This Sunday (April 22), is the yearly Earth Day global movement, created back in 1970 to raise awareness for environmental issues and promote protection of the planet. Whether we like it or not (we’re looking at you, Trump) climate change is a real and very serious issue that all of us, collectively, need to address.
But, we do understand that’s pretty hard for us to do when the general public are not invited to world summit meetings or one-to-one sessions with world leaders.
However, we can make changes to our lifestyles and daily routines that can contribute to a positive future for the planet. The small changes will add up to the big ones, so don’t pass off starting small. Whilst decreasing your personal carbon footprint, as a collective, we’ll be able to make a huge change to the future of our home.
Saving water usage is a huge part of conservation practices that can be easily transferred into your daily routines. Did you know? “Singapore’s per capita household water consumption was reduced from 165 litres per day in 2003 to 143 litres in 2017. The target is to lower it to 140 litres by 2030,” according to Singapore’s National Water agency.
So whilst we’re all appearing to be more aware of our water usage, there’s still a lot of room for improvement, given that they’ve also released these statistics: “Water demand in Singapore is currently about 430 million gallons a day (mgd) that is enough to fill 782 Olympic-sized swimming pools, with homes consuming 45% and the non-domestic sector taking up the rest. By 2060, Singapore’s total water demand could almost double, with the non-domestic sector accounting for about 70%. By then, NEWater and desalination will meet up to 85% of Singapore’s future water demand.”
With our homes being almost half of the usage, it really is down to us to enable a positive change. So when you use water at home, start being mindful with how much you use. Don’t let the tap run free when you brush your teeth, instead turn it off when not in use or even better, fill up a cup and use the same water to wash your toothbrush in between brushing. If you have a dishwasher, don’t half-fill it and put on a cycle, wait until it’s full and use it sparingly. If you have a bath, avoid having one every day – make short showers your preference.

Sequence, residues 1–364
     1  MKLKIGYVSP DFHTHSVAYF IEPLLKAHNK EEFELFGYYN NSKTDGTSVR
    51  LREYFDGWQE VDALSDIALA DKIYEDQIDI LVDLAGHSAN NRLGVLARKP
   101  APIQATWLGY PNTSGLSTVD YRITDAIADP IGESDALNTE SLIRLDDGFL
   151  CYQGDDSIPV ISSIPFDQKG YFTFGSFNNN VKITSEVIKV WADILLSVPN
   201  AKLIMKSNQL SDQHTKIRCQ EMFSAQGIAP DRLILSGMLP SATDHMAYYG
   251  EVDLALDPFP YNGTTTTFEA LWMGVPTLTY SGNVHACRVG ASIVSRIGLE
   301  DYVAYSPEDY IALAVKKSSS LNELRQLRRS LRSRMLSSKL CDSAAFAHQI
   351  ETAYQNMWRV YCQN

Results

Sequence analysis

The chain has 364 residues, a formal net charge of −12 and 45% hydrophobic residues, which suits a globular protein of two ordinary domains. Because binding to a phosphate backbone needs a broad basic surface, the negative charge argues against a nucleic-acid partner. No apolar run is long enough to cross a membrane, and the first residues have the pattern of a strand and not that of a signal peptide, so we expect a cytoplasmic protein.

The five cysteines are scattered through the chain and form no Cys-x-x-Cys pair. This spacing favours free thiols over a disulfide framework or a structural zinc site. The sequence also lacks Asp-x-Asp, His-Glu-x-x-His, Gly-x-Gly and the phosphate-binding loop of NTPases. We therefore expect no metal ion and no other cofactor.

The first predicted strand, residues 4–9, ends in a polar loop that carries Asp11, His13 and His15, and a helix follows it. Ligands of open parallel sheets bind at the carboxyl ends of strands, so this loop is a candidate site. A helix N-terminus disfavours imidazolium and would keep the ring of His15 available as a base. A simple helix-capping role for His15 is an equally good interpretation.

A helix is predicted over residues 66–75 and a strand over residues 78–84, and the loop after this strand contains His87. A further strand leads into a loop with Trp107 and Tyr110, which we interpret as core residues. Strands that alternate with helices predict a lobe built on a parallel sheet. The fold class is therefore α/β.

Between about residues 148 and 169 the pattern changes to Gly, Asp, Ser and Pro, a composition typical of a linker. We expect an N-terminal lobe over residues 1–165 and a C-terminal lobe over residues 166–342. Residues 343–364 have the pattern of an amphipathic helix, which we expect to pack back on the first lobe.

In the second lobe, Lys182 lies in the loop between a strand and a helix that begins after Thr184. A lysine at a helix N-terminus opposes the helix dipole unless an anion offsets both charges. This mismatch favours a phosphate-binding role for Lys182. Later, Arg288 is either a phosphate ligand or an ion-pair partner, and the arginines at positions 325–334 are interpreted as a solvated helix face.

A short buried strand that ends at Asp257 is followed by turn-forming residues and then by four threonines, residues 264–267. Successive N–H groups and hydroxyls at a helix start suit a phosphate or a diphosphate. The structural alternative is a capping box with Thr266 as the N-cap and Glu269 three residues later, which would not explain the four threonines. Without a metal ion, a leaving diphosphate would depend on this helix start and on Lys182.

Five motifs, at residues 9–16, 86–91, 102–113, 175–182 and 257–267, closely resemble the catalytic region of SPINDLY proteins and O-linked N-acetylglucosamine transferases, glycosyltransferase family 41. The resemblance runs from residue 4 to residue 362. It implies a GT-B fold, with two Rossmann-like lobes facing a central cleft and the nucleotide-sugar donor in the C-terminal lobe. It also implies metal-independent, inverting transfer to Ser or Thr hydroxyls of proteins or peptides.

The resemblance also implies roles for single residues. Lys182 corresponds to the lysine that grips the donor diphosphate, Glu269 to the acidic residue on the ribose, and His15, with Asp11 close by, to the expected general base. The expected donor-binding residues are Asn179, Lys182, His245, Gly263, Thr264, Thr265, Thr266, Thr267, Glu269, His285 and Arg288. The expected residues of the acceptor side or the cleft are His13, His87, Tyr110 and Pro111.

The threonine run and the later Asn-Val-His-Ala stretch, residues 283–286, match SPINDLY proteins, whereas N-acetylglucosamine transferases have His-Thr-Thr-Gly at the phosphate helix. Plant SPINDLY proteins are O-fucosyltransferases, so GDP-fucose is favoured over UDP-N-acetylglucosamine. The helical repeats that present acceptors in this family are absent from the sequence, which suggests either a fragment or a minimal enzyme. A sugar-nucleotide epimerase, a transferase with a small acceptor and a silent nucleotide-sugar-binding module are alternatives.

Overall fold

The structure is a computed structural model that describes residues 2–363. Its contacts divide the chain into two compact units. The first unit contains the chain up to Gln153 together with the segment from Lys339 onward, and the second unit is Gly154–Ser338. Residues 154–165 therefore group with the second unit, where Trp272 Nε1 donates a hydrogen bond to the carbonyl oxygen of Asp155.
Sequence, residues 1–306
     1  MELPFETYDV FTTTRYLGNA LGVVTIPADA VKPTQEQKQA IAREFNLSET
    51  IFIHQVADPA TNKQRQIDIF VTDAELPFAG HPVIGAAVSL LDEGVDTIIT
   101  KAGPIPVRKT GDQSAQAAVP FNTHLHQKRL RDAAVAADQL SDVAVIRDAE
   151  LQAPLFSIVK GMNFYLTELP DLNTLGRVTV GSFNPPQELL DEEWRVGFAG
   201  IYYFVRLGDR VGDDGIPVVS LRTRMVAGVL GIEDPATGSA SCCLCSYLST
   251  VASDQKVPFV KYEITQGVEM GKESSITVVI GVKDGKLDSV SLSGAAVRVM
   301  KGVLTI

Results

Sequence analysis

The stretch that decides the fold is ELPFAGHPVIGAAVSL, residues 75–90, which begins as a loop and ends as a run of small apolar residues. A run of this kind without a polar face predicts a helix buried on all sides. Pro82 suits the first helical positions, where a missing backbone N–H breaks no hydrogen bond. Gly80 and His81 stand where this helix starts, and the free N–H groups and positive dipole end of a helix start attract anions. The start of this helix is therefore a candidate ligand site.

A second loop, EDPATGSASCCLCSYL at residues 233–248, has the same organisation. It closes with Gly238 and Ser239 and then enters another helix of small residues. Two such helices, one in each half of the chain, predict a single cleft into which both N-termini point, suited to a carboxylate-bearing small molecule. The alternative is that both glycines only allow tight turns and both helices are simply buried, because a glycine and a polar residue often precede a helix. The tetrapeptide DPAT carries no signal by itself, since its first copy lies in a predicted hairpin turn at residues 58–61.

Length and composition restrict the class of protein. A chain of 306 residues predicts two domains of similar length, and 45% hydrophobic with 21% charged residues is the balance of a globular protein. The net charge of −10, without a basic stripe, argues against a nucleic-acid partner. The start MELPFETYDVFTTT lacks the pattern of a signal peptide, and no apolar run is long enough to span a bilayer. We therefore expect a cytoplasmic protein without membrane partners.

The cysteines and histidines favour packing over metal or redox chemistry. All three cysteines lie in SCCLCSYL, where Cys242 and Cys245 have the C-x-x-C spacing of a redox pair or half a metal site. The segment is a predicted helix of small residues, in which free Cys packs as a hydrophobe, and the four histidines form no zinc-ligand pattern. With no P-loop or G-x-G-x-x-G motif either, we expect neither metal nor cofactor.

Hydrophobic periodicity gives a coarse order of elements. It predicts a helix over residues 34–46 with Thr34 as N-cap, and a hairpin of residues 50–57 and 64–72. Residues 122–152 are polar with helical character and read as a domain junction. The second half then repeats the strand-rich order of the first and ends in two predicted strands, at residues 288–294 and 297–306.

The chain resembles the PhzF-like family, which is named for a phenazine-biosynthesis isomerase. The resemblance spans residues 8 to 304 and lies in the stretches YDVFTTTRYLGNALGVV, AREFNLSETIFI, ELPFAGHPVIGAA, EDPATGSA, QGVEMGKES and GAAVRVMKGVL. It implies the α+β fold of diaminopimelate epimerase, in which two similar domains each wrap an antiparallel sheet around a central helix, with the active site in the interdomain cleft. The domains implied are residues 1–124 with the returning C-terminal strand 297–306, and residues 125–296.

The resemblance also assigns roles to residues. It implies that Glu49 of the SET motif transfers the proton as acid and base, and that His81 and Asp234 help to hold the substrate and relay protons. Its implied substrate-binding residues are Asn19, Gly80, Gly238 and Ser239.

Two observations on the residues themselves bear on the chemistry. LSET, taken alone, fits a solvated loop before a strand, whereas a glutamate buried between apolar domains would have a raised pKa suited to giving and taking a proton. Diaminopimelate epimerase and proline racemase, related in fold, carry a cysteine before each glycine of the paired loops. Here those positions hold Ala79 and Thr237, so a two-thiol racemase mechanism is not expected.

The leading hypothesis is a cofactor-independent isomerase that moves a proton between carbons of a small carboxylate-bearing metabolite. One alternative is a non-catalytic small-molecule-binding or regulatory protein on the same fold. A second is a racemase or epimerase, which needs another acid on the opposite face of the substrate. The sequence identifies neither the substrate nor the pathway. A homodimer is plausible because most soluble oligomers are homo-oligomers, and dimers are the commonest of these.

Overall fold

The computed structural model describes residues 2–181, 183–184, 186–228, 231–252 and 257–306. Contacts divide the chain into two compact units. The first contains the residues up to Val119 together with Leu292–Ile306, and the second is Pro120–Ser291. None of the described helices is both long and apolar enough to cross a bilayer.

It’s tempting to just leave the air con on when you pop out briefly so it’s cool upon return, or put the TV to standby mode instead of fully off before bed, but keeping your electricity bill down is of interest to yourselves and the planet too. Try a rule of thumb: If it’s not in use, turn it off. There’s so much you can do at home to conserve energy, even switching to LED light bulbs over standard light bulbs will mean you use 75% less energy.
Whether you live in a HDB flat, a condominium or even a landed property, you’ll be able to find a recycle bin near you.
So you have no excuse to start recycling your daily household stuff, if you don’t already. To make is as easy as possible, we suggest having two bins – one for general waste and one for your recycled goods. Then you can just throw the recycled bag down to the designated bin once full. If you’re not sure what can or cannot be recycled, here’s a handy guide published on the National Environment Agency.
Plastic has become such a devastating burden on our environment, it’s actually the main target drive for this year’s Earth Day with “End Plastic Pollution”. The site says “From poisoning and injuring marine life to disrupting human hormones, from littering our beaches and landscapes to clogging our waste streams and landfills, the exponential growth of plastics is now threatening the survival of our planet.” When HerWorld interviewed Lewis Pugh, Un Patron of the Oceans last year, Lewis discussed the effects of plastic on our oceans:
“Take plastic as the example. When it’s not disposed of properly, it eventually ends up in the sea, and then it’s going to get broken down. Then, it’s eaten by fish. Those fish are then eaten by humans. You’ve actually got real plastic that we humans are eating – plastic which is detrimental to our health.
The second point to make is that, by 2050, they expect there to be more plastic in the ocean, by volume, than fish! This says something about how much plastic is going into the ocean, but also by how little fish there are due to overfishing.”
So, on top of your recycling agenda in your home, also try eliminate use of plastic bags when out shopping. Supermarkets here still give out plastic bags, though there are bags you can buy at the counter and reuse or have a large fabric bag designated just for your groceries that you always take out with you for grocery shopping.